Divided into two teaching Sections, Computer Science and Communication Systems, the School of Computer and Communication Sciences has three main missions: Education, Research and Tech transfer.
The School of Basic Sciences is responsible for teaching and research in chemistry, mathematics, physics and related domains. A growing emphasis has been developing in fields at the interface between traditional disciplines, both within and outside of our School. Our interaction with the School of Life Sciences is particularly strong, as evidenced by jointly appointed professors, collaborative projects and shared infrastructure. To carry out our mission, we possess state-of-the art research facilities, support services and infrastructure
The disciplines united in the School of Architecture, Civil and Environmental Engineering (ENAC) seek solutions to the most pressing problem of our time : guaranteeing a sustainable environment for humanity through a successful integration of human activities within the biosphere.
In this context, we are deeply committed to producing solutions to meet a wide range of challenges, such as global warming, population growth, the formation of megacities, land use pressures, increased demand for energy and transportation, the need for improvement and maintenance of the built environment, ecosystems preservation, and the management of natural and man-made risk. These multi-faceted fields require long-term multidisciplinary research at an international level and conducted in terms of a creative interaction between art, science and engineering.
Our range of courses includes studies for a Bachelor's or Master's degree in architecture, civil engineering and environmental engineering, postgraduate course cycles, and doctoral programmes. The originality of our teaching lies in the establishment of links between the disciplines in order to provide students with the tools required to design and build together.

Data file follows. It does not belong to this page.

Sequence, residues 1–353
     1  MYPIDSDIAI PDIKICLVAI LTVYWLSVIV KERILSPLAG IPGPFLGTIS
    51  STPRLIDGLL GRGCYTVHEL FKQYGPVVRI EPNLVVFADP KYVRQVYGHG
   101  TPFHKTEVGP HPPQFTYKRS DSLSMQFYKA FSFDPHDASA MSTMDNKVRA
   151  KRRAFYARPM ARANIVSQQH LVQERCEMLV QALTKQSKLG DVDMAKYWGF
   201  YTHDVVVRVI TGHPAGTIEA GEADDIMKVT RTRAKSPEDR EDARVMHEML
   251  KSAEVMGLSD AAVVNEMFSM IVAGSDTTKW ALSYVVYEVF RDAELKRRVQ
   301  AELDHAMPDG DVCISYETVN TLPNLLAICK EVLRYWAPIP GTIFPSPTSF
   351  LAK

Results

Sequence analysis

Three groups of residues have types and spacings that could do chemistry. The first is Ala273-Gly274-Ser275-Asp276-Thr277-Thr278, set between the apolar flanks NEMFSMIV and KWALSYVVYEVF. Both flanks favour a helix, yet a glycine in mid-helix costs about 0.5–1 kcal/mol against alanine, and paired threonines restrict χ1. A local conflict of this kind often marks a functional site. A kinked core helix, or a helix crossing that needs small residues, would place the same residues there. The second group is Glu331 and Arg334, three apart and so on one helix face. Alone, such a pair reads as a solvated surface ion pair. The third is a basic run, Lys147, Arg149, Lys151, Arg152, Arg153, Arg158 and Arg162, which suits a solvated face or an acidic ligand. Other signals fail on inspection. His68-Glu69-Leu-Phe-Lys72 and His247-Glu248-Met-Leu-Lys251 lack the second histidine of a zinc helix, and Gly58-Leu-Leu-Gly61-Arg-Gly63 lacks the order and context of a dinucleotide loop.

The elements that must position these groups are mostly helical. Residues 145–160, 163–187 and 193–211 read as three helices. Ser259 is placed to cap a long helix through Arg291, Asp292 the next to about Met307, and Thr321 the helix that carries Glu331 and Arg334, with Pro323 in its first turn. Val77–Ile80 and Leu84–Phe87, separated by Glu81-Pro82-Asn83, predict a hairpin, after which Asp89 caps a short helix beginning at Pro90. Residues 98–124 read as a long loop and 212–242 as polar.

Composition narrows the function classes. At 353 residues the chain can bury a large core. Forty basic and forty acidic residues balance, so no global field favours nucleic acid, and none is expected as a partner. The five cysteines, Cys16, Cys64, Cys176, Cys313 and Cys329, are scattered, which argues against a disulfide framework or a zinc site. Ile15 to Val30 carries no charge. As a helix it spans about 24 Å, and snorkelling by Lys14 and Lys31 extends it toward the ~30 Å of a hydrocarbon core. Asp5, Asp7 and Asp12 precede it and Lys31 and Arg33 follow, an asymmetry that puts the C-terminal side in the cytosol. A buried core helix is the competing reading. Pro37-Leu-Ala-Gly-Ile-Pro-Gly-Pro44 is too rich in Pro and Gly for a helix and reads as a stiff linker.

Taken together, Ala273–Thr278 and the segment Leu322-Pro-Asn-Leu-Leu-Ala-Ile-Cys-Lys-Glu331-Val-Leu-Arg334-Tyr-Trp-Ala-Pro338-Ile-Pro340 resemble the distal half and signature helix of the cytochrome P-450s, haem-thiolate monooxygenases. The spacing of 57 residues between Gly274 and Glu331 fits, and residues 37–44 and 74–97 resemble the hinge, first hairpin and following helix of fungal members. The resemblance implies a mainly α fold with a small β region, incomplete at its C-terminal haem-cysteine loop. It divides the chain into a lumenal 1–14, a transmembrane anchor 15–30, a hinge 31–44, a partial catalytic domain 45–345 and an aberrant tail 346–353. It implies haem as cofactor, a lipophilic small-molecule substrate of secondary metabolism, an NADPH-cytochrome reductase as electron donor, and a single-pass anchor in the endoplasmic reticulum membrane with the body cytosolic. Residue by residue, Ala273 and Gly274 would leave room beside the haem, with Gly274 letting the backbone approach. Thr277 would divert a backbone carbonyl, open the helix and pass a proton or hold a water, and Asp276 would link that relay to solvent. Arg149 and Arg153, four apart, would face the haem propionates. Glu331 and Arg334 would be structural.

Established in 2004, the College of Management of Technology (CDM) has an aligned focus on research and teaching in the areas of Management Science with close ties to Engineering and Technology. Moreover, it infuses the EPFL campus with an entrepreneurial spirit, encourages cross-disciplinary partnerships and undertakes a comprehensive approach to industrial issues and public policy.
The College is composed of three institutes, the Management of Technology and Entrepreneurship Institute (MTEI), the Swiss Finance Institute at EPFL (SFI@EPFL), and the Institute of Technology and Public Policy (ITPP).
The CDM offers two Master programs - in Management, Technology and Entrepreneurship (MTE) and Financial Engineering (MFE) - as well as two Doctoral programs - in Management of Technology (EDMT) and in Finance (EDFI). These successful teaching programs ensure a promising first-class education to prepare students for leading careers in academia and industry. An assessment of the past four years has brought to light a steady increase in the number of applications for all degrees. The programs attract talented students from many faculties and sciences.
Furthermore, the CDM additionally proposes three executive Master programs in partnership with other outstanding universities. The current offer covers executive Masters in Innovative Governance of Large Urban Systems, Global Supply Chain Management and Management of Technology. The College plans to expand and diversify this portfolio in the near future.